World number one Dustin Johnson will carry a four-stroke lead into the final round of the Masters, with Australian Cameron Smith right in the mix after another inspired late charge.
- Dustin Johnson’s second round of 65 has him four shots in front with a round to play
- Cameron Smith is in a three-way tie for second after a run of birdies on the back nine
- No player in the past 30 years has won the Masters from outside the top four entering the final round
Johnson was the major mover on moving day at Augusta National, bursting clear from a five-way tie at the halfway mark into a commanding position entering championship Sunday (local time).
The American carded a third-round 7-under-par 65 to surge to 16-under for the tournament.
After starting the day equal top on the leaderboard, Smith ambled along in neutral until bursting to life midway through the back nine.
After opening with 12 straight pars, Smith bagged a hat-trick of birdies from the 13th to 15th to will his way back into contention.
His round of 69 thrust him to 12-under and into a tie for second spot with Korean Sungae Im (68) and fellow Presidents Cup teammate Abraham Ancer (69) from Mexico.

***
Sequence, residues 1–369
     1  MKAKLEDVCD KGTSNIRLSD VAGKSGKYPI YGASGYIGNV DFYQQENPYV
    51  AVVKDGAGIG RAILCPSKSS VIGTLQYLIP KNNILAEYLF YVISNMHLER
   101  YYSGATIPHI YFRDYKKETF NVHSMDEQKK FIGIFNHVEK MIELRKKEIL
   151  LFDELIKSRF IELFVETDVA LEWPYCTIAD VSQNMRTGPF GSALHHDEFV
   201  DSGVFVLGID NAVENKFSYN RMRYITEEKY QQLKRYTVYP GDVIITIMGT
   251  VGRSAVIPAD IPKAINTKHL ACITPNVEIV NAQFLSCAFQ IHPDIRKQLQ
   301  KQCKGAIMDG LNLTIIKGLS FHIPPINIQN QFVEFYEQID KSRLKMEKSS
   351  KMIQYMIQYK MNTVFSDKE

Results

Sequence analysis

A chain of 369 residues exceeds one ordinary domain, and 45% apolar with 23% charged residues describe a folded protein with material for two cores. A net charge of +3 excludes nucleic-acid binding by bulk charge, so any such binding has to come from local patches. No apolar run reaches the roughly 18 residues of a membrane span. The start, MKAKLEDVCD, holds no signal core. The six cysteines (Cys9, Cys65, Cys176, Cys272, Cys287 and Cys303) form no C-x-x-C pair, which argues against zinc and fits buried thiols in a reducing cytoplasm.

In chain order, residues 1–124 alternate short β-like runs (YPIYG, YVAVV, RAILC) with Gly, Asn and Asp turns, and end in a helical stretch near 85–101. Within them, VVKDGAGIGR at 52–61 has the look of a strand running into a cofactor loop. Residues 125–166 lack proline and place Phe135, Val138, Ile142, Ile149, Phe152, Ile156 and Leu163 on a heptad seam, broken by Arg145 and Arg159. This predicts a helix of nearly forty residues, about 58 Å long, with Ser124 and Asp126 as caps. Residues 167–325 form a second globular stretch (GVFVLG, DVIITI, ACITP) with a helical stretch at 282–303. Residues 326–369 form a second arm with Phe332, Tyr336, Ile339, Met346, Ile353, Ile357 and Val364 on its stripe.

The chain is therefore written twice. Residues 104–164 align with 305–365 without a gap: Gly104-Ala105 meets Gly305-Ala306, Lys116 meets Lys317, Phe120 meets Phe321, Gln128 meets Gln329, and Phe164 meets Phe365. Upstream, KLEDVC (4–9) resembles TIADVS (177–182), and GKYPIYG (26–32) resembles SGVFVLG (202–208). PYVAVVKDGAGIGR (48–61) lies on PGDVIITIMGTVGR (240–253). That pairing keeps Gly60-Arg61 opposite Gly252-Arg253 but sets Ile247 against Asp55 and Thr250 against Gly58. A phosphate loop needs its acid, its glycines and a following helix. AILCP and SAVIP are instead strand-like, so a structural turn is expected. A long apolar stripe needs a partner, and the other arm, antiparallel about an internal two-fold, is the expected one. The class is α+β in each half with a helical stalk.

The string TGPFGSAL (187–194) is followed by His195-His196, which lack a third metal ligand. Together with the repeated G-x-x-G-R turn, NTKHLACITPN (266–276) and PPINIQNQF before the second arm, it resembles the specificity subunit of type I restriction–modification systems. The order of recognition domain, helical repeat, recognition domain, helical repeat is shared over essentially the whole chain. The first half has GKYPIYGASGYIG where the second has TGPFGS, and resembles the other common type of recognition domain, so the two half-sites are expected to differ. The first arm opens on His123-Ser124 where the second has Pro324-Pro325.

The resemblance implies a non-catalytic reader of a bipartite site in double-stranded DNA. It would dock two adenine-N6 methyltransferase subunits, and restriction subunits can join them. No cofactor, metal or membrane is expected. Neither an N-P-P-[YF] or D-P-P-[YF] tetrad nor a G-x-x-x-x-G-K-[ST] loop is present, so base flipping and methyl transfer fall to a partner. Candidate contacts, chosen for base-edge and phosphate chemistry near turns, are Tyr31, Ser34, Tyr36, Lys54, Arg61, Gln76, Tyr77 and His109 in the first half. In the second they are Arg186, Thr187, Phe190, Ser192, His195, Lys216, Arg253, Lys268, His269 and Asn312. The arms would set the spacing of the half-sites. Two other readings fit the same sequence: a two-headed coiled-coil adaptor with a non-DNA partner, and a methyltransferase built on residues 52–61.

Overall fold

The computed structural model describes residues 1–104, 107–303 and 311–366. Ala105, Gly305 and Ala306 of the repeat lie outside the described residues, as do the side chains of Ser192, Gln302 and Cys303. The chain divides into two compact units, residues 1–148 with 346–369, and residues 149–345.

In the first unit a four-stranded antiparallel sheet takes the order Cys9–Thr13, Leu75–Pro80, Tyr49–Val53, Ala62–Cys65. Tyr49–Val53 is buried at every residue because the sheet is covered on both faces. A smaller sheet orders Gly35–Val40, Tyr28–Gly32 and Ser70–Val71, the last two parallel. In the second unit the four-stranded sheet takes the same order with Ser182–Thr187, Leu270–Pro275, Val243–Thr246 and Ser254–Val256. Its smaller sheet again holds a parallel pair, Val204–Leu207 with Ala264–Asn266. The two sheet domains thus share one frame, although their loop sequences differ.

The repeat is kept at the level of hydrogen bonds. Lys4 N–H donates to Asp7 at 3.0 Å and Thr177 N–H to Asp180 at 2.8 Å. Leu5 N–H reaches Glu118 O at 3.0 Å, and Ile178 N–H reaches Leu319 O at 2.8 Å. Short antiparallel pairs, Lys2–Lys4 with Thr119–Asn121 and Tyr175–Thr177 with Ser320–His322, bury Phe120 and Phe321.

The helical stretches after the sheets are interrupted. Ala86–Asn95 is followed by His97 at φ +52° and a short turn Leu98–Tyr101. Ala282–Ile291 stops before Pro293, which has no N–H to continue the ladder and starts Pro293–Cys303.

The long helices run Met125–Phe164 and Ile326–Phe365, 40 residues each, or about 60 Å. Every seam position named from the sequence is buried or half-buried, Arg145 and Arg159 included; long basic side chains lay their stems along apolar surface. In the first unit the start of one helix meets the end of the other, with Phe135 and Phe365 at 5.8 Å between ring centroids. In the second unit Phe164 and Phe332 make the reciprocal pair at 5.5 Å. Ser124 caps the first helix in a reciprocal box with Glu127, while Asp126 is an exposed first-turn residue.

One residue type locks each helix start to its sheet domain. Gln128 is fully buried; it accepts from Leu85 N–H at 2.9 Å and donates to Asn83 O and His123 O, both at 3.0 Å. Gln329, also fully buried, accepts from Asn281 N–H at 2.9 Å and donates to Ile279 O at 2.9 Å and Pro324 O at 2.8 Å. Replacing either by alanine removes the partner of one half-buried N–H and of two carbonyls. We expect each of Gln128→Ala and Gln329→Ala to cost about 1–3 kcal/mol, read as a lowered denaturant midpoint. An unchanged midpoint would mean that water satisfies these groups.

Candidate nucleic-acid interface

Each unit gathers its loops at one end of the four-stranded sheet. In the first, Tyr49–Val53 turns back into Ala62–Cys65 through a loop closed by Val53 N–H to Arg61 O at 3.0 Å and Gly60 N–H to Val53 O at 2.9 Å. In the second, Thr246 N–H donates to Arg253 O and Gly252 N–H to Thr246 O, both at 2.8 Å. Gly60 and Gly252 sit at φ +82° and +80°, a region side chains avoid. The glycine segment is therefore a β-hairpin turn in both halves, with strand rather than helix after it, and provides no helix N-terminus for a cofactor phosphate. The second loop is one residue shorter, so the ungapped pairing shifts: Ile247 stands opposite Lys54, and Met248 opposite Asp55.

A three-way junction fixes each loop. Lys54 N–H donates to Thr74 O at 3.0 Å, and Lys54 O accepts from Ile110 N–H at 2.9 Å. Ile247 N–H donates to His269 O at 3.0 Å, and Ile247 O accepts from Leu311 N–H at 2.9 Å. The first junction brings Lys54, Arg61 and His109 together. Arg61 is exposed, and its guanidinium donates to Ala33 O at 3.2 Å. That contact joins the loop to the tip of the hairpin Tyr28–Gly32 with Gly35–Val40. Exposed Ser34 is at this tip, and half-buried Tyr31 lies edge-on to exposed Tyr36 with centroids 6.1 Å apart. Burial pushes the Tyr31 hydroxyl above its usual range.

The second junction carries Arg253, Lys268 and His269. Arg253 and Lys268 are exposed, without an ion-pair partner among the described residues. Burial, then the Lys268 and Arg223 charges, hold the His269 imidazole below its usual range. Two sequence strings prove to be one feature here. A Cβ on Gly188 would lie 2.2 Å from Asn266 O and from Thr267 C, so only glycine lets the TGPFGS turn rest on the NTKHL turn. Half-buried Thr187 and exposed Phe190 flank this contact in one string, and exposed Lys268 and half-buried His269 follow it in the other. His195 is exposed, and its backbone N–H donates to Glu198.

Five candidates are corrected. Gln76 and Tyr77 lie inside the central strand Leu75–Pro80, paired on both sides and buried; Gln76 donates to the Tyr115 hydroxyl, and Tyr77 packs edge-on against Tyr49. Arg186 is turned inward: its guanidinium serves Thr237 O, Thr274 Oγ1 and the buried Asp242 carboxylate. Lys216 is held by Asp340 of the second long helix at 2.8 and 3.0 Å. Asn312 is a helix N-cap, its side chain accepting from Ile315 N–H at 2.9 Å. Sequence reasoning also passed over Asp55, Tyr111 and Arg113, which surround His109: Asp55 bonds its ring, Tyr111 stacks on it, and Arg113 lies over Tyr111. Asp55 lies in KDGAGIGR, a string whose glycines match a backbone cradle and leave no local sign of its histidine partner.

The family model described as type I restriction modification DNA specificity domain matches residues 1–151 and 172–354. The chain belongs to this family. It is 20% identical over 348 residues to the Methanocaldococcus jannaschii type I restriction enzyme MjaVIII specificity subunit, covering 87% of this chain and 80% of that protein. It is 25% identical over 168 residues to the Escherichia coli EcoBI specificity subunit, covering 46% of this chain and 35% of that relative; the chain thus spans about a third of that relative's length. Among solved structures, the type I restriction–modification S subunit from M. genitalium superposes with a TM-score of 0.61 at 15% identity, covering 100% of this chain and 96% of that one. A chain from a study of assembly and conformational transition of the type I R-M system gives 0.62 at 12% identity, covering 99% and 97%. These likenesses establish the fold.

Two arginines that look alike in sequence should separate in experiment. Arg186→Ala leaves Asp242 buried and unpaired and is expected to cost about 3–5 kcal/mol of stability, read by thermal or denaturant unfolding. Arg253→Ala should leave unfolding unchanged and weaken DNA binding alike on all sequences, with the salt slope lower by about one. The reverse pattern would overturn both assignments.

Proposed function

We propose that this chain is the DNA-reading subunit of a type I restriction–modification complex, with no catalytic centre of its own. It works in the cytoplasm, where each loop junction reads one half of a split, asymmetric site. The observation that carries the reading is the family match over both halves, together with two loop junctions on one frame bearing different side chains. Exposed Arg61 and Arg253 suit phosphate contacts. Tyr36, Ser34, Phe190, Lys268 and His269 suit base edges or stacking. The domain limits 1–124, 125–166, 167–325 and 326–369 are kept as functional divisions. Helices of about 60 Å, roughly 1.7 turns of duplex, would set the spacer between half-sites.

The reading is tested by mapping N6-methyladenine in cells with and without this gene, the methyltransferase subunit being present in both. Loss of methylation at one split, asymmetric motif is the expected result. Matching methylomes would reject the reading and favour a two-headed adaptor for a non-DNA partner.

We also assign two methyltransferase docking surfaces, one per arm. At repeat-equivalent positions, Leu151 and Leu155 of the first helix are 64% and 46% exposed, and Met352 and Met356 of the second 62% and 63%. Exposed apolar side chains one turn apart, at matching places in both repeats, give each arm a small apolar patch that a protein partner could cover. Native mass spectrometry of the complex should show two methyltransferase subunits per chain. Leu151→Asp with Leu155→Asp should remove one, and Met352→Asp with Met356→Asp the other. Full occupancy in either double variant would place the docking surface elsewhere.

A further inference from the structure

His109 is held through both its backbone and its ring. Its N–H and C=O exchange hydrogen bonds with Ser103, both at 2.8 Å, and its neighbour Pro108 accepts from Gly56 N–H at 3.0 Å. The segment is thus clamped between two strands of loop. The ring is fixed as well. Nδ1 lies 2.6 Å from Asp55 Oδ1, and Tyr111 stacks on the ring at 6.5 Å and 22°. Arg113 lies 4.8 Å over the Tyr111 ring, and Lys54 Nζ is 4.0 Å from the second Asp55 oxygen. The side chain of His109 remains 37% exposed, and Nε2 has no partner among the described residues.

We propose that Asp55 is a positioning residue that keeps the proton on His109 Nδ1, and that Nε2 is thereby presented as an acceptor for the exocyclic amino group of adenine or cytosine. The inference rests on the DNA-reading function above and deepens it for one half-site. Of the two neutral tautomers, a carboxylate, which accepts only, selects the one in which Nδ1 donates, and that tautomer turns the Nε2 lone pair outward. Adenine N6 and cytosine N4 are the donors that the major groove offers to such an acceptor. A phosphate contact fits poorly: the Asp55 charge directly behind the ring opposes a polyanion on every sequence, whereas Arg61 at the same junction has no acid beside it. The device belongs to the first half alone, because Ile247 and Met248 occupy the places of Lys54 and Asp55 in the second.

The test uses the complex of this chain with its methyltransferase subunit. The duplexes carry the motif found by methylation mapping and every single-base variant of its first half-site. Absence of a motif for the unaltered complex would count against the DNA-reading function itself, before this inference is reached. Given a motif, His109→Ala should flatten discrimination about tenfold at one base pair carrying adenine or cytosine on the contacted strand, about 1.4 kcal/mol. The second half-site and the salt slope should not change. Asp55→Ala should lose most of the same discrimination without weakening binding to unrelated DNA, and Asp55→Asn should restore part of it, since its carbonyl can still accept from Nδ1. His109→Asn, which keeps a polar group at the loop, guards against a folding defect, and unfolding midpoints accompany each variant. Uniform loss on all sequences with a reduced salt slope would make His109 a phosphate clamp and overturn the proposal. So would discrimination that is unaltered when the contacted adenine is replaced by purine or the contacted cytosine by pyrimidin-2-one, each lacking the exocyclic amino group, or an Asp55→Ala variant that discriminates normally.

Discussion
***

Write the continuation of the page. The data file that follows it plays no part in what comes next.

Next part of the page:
South African Dylan Frittelli (67) is outright fifth a further stroke behind at 11-under.
Spanish world number two Jon Rahm (71), American world number three Justin Thomas (71) are 10-under, one clear of former champion Patrick Reed (71) and two ahead of four-time major winner Brooks Koepka (69) and Northern Irish superstar Rory McIlroy (67) on an all-class and stacked leaderboard.
Seeking the green jacket to complete his career grand slam of majors, McIlroy steamed into contention with a brilliant round featuring six birdies and just one bogey.
But the man they all must catch is Johnson, who followed up an eagle three on the par-5 second with birdies on the third, fourth, seventh, 13th and 15th holes to seize command.
Defending champion Tiger Woods is 5-under and 11 shots adrift of Johnson following a ho-hum round of 71.
Smith’s countrymen Marc Leishman (70) and Adam Scott (71) are 4- and 3-under respectively and need a Sunday miracle to move back into contention.
No player in the past 30 years has won the Masters from outside the top four entering the final round.